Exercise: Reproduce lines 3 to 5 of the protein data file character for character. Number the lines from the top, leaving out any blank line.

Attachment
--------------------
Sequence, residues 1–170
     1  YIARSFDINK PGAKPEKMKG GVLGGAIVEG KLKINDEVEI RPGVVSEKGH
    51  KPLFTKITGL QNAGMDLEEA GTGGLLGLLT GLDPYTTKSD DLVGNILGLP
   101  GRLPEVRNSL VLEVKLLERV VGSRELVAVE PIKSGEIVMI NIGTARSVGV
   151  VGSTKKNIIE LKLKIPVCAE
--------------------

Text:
    51  KPLFTKITGL QNAGMDLEEA GTGGLLGLLT GLDPYTTKSD DLVGNILGLP
   101  GRLPEVRNSL VLEVKLLERV VGSRELVAVE PIKSGEIVMI NIGTARSVGV
   151  VGSTKKNIIE LKLKIPVCAE